“Yes, I asked the regents to contribute,” Dr. Duff told the Globe in October 1985. “I’ll take responsibility for that. It may be a technical violation.”


Several weeks later, on Dec. 30, he took over as commissioner of the Chicago libraries.

‘My dad was a trailblazer, a man of letters with a wry wit and a soft heart. He was a pretty remarkable guy.’

Maureen Duff, one of Dr. Duff’s six children 

Born in South Orange, N.J., to John Duff Sr. and the former Mary Cunningham, John Bernard Duff Jr. was the oldest of four brothers. His mother had emigrated alone at 18 from Galway, Ireland.

Along with his scholarly publications about the Civil War and Reconstruction, Dr. Duff would later write about Irish immigrants in the United States.

He graduated from Our Lady of the Valley High School in Orange, N.J., and studied history as an undergraduate and graduate student, receiving a bachelor’s degree from Fordham University in the Bronx, N.Y., a master’s from Seton Hall University in South Orange, and a doctorate from Columbia University in New York City.

In October 1955, he married Helen Dorothy Mezzanotti, with whom he had six children. Their marriage ended in divorce after 33 years.

Dr. Duff later married Shanley, with whom he lived in California after retiring from Columbia College Chicago.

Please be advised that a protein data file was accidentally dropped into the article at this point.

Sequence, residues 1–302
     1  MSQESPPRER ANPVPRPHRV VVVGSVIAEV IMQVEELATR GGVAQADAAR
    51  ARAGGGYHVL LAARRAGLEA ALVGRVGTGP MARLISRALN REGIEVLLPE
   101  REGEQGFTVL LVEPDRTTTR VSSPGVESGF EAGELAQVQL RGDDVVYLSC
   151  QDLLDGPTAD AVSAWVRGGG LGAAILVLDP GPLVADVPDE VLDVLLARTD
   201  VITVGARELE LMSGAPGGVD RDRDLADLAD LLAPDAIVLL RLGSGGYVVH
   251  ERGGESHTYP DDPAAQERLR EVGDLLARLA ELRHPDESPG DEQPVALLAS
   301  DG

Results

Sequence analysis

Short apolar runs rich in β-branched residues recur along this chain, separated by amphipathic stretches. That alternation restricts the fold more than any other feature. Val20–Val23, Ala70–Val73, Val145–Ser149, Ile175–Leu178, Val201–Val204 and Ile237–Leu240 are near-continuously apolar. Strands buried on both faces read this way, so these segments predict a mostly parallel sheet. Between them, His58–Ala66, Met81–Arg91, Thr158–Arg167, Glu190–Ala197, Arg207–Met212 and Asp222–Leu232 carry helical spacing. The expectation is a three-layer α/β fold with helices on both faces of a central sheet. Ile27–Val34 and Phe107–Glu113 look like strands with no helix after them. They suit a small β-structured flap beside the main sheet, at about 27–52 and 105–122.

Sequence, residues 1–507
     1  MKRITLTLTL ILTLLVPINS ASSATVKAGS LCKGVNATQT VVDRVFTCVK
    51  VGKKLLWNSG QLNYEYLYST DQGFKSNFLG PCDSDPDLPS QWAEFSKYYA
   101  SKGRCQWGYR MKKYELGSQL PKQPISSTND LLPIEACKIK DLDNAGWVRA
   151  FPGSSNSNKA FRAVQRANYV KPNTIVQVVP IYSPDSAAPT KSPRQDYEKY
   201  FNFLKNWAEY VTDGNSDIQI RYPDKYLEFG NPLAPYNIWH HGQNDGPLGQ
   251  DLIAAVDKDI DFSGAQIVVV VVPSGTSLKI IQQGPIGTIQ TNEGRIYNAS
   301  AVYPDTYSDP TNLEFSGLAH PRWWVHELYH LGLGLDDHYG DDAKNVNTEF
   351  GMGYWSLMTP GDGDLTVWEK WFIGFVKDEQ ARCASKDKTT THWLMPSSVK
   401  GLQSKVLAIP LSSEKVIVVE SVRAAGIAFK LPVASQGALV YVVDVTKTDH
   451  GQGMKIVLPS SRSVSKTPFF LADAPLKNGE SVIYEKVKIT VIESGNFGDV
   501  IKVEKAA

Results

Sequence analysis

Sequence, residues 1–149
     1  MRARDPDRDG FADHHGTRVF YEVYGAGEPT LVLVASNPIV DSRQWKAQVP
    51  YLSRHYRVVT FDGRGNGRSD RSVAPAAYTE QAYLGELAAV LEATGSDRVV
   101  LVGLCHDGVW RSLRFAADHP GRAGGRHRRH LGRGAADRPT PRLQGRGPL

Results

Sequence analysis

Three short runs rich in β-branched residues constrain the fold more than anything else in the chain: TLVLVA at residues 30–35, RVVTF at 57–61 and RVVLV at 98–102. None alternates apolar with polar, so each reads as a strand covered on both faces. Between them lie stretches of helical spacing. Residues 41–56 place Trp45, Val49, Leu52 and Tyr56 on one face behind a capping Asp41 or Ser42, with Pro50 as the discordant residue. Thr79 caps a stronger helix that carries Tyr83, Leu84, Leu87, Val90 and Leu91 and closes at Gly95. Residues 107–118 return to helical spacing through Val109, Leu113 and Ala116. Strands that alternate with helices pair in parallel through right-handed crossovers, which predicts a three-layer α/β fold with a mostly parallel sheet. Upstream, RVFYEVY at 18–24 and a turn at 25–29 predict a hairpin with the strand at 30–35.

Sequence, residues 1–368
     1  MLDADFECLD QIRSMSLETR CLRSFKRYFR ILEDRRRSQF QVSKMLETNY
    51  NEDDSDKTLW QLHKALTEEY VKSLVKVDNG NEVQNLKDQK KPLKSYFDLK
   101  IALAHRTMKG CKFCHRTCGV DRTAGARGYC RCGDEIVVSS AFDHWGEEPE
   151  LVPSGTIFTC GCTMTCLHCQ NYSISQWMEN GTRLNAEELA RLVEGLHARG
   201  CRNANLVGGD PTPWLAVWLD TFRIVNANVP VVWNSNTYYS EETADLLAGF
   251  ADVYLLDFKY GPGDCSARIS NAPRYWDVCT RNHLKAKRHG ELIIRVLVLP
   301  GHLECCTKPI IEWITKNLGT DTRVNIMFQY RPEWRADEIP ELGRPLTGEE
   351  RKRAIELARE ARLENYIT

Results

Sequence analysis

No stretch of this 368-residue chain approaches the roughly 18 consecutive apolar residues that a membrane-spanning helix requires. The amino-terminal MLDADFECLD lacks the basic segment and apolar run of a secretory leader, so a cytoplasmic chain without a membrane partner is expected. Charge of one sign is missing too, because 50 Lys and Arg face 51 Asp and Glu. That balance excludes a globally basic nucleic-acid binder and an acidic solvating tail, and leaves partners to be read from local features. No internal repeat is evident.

He taught history at Seton Hall and was unsuccessful in a bid to be elected to New Jersey’s 12th Congressional District. Moving into administration at the university, he rose to become executive vice president and provost. In 1976, he was chosen to be the first president of UMass Lowell.

“When Durgin Hall opened in late 1976 with a gala performance by Sarah Caldwell’s opera company, President Duff said, ‘Lowell has never had a night like this,’ ” Meehan said in his statement. “He loved being in the historical city of Lowell and admired its story so much.”

While in Lowell, Dr. Duff also was elected to lead the newly formed Lowell Historic Preservation Commission, which helped develop the Lowell National Historical Park.

US Representative Danny K. Davis, an Illinois Democrat, entered a tribute to Dr. Duff into the Congressional Record upon his retirement as president of Columbia College Chicago.

“We were remarking here yesterday that he was fearless,” his daughter said. Despite a childhood that was far from upper rungs of academia, “he had confidence to go and say, ‘Yes, I can be president of a university.’ ”

In addition to his wife, daughter, and former wife, Dr. Duff leaves three sons, Michael of Canton, John of Morristown, N.J., and Robert of Olympia, Wash.; two other daughters, Patricia Duff Bernacki of Whidbey Island, Wash., and Emily of Quincy; eight grandchildren; and three stepdaughters, Janet Shanley, Patricia Doherty, and Teresa Shanley.

Dr. Duff’s children are planning a memorial service, which will be announced.

Throughout his life, Dr. Duff “was a voracious reader and always had a book in his hand. He wanted to know about all kinds of things,” his daughter said.

Vacations often meant bringing his family to historic sites and monuments, and “at the dinner table, he would recite literature, he would recite verse from memory,” his daughter said. “Epic poems he had learned in fifth grade he could recite without missing a beat. He was just a man of information and history, and he believed in education.”

Bryan Marquard can be reached at